Screen films in short segments, selecting specific moments, ideas, or artworks that you would like to focus on. Art21 Exclusive videos are 3–5 minute films focused on a question or kernel of an idea. As short films, Art21 Exclusive videos are dynamic and nimble resources that, with specific introduction and framing, can be used in a variety of classroom contexts and subjects. Art in the Twenty-First Century segments are 12–15 minutes in length but can also be broken down into smaller sections, much like Art21 Exclusive videos, to focus on a particular theme or topic, quote, artwork or exhibition context. The DVD version includes three chapters within each artist segment.
- Prepare the audience
Initiate a discussion or writing exercise, using the Before Viewing questions found in the Educators Guides and on each artist's page in the Artists section of this site. These questions are designed to help viewers anticipate content in the segment(s) and to solicit personal experiences and opinions with respect to a particular topic or idea.
- Encourage active viewing
Identify appropriate points for pausing, clarifying, or expanding on what viewers are seeing and hearing. Focus on particular images, quotes, or ideas to help facilitate understanding. Use the While Viewing questions found in the Educators Guides and on each artist's page in the Artists section of this site, or revisit the Before Viewing questions or ideas when relevant. Encourage participants to take notes, sketch, or consider specific questions while they watch the film(s).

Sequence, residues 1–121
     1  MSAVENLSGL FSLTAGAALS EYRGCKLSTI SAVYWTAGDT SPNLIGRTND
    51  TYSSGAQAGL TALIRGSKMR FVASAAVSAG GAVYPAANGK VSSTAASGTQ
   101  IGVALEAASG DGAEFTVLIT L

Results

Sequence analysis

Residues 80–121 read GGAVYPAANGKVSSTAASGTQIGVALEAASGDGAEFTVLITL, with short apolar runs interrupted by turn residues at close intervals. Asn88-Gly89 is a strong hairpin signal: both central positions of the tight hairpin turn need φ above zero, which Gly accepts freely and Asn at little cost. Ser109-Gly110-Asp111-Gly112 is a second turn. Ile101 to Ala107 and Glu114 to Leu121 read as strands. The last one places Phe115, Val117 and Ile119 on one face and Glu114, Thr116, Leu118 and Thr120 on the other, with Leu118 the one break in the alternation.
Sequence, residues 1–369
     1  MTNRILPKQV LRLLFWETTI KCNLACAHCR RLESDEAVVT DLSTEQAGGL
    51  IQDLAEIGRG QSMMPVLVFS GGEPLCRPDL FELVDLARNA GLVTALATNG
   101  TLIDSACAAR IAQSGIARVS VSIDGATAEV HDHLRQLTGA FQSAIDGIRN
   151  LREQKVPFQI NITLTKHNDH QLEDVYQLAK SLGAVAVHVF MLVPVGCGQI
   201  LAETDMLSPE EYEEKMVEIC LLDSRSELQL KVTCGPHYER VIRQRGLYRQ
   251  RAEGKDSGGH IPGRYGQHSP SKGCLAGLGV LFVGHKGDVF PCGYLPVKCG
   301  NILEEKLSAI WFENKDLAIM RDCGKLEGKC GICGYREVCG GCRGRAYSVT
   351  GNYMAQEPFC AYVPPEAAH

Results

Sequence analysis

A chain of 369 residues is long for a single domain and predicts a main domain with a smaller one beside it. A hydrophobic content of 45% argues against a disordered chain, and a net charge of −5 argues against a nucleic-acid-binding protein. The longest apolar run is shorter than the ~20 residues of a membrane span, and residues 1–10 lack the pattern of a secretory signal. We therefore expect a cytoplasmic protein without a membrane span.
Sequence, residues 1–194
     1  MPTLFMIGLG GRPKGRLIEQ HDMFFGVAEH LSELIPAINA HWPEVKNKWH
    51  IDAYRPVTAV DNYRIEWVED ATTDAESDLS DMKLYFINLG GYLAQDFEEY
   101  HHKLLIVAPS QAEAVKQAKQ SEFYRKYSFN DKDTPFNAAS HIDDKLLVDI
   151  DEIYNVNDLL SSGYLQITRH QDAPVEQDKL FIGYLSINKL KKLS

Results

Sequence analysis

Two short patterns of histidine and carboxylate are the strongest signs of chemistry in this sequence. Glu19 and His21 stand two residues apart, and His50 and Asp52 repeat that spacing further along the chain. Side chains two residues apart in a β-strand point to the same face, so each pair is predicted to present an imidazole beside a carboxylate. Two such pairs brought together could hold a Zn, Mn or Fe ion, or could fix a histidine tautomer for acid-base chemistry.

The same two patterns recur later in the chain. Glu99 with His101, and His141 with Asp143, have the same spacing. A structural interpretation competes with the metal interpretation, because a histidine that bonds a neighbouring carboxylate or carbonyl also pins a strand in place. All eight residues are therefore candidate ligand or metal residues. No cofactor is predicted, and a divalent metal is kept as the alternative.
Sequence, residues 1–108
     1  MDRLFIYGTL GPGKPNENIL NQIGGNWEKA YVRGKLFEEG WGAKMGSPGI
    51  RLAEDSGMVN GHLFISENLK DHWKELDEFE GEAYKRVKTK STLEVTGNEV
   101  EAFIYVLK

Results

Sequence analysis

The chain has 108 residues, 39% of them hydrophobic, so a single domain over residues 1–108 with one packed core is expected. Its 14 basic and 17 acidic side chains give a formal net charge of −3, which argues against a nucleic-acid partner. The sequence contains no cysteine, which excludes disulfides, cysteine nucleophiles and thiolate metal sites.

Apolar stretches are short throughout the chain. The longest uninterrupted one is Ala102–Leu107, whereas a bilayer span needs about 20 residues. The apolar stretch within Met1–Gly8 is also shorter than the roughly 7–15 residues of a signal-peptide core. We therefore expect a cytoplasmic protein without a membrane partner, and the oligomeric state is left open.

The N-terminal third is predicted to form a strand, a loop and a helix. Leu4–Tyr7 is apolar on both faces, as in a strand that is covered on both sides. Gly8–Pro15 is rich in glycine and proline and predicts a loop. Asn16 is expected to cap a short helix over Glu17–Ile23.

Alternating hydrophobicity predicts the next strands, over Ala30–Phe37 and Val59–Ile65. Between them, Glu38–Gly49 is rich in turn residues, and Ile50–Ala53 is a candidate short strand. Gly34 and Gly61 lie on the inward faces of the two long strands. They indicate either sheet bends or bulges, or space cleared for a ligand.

- Identify vocabulary words
Use the Art21 Glossary to discuss and clarify relevant terms.
- Introduce additional reference materials
These can include copies of artist interviews, images of specific works of art, or lesson ideas and topics. These resources can introduce specific ideas or themes addressed in the video segment and can support pre- or post-viewing discussion.
- Follow-up and facilitate after viewing discussion
Analyze and respond to the video segment with suggested questions from the Educators Guides or related lessons. Consider ways for participants to develop their ideas independently, either by writing or drawing, before sharing them with the group. Using discussion and activity suggestions, ask participants to reflect on what they have seen, about how artists process ideas and create artworks.